“Bebugging” is a concept that originated in the 1970s. Also known as “fault injection” or “error seeding”, the premise is simple: knowingly introduce a bug or a vulnerability into a system to understand how your technology and team responds. Bebugging helps you find gaps in your security measures, detection tools, and incident response practices, and allows you to iterate and improve before a real threat or incident occurs.
Organizations face a challenge when allocating responsibility between centralized security and DevSecOps teams. For decades, security was seen as a separate responsibility, sitting within a separate team. With the rise of “you build it, you run it” services, DevSecOps became the trend for organizations enabling autonomy across the software development lifecycle. Unfortunately, it’s not as simple as saying, “security is everyone’s responsibility” or, “the security team will take care of it.” In reality, organizations need both approaches to ensure a comprehensive security posture at scale.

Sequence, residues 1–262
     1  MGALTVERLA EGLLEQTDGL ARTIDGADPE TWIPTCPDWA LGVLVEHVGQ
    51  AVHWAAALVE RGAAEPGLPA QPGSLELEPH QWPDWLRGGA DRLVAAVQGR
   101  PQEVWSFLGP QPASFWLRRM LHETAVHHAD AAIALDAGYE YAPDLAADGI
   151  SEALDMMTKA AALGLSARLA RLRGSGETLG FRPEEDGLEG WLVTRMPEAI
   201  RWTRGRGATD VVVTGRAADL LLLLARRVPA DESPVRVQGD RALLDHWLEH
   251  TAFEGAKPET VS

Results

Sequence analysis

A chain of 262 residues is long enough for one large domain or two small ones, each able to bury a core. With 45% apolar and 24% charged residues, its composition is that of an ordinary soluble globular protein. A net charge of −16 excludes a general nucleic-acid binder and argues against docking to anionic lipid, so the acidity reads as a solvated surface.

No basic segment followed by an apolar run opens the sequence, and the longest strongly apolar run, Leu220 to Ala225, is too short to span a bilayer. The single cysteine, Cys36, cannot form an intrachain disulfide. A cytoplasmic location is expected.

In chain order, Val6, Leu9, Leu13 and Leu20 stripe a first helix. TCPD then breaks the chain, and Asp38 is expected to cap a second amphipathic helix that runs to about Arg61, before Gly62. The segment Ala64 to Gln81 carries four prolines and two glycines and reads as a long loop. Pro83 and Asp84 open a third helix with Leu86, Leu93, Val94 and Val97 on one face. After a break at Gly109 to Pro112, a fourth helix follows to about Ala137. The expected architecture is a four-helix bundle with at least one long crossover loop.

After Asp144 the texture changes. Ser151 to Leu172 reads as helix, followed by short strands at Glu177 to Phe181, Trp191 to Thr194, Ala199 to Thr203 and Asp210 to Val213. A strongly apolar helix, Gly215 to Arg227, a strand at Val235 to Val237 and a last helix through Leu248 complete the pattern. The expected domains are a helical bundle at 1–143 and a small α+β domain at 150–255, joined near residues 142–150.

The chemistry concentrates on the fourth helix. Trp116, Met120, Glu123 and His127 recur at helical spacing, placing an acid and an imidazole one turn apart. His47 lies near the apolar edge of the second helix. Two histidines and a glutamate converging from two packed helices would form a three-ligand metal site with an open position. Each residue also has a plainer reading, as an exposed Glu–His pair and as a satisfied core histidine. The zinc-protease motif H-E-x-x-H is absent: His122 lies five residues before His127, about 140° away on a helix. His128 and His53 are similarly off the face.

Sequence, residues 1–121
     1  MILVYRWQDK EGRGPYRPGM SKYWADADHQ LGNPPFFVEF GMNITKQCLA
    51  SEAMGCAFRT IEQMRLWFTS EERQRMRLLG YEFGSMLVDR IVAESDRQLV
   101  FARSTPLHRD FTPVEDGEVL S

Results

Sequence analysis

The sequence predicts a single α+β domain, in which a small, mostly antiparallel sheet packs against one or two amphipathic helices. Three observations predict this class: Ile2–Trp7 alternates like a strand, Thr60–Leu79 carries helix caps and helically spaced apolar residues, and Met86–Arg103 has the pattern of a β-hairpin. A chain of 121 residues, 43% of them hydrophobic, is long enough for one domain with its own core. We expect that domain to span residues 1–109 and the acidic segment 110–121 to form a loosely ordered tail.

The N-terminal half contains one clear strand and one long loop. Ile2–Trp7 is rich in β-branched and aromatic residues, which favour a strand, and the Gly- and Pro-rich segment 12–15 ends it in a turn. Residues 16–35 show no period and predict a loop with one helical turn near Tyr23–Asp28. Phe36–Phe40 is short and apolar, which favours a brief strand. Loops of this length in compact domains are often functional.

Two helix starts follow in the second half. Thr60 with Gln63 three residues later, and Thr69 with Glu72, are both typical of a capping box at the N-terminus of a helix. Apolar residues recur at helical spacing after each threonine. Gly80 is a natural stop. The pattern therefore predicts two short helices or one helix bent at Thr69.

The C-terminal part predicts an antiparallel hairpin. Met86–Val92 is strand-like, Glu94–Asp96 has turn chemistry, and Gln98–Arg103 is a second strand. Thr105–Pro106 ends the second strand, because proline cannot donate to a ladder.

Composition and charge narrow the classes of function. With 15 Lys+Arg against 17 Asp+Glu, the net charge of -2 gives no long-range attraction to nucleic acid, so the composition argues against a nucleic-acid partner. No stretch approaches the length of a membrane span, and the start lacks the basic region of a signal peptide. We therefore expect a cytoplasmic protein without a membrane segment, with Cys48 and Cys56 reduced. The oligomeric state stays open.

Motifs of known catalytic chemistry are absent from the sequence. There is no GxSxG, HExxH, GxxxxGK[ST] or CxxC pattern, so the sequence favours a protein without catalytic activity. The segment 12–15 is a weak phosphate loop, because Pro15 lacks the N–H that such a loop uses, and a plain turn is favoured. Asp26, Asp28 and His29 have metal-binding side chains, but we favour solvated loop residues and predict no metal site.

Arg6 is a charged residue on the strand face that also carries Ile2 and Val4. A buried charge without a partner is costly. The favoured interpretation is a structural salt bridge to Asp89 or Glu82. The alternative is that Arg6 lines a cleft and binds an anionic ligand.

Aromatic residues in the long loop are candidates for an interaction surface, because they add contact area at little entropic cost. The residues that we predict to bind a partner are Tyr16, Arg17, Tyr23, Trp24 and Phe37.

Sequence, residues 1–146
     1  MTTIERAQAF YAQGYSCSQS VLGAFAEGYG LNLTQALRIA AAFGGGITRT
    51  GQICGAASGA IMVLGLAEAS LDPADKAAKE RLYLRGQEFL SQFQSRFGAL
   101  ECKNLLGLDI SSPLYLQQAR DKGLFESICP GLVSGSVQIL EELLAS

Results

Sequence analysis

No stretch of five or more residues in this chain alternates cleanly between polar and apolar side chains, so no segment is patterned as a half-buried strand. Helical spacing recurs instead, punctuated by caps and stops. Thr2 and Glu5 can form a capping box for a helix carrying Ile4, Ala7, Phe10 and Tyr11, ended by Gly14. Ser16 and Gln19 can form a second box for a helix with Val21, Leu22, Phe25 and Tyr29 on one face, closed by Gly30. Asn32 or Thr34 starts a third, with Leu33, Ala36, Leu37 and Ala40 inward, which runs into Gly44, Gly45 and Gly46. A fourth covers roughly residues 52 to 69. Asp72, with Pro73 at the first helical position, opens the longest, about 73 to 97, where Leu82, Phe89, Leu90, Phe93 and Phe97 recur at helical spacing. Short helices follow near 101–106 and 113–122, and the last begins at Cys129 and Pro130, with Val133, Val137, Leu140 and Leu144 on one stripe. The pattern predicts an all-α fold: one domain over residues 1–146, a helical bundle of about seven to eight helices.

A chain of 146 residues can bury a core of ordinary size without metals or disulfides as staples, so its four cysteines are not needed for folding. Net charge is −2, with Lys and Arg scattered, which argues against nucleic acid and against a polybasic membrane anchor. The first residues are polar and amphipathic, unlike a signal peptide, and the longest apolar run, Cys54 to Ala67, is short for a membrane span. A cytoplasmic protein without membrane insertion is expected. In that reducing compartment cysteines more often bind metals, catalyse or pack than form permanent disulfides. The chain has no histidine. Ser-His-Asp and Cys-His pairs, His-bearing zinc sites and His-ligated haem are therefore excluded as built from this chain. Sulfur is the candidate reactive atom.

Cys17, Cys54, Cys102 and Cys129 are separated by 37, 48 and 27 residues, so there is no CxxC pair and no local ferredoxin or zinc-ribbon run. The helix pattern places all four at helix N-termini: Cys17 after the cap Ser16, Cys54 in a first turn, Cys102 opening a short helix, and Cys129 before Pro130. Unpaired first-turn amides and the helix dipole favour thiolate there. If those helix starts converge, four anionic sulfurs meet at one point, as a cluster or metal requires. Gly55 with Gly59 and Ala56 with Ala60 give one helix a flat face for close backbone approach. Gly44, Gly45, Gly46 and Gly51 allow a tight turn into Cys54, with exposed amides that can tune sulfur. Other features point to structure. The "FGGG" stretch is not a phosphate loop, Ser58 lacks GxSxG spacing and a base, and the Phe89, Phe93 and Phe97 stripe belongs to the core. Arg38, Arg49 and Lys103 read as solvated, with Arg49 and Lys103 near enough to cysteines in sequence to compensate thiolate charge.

Bebugging promotes combining expertise from a central security team and DevSecOps practitioners to achieve something greater than either team could alone. Bebugging also encourages teams to address the question of which team bears responsibility to drive technical or process-oriented security improvements.
In general, it’s useful for a central security team to operate vulnerability management programs for finding, exploiting, and fixing vulnerabilities. An incident response team can provide global, 24/7 monitoring, without adding additional burden to on-call DevSecOps engineers. Advanced organizations may employ a red team to perform white hat hacking attempts to improve the company’s security posture. Centralizing these responsibilities helps develop a repertoire of context from across the engineering organization, without siloing it into distinct DevSecOps teams. This allows teams to learn from incidents across applications or services that they don’t own, and ensures common failure modes are preempted.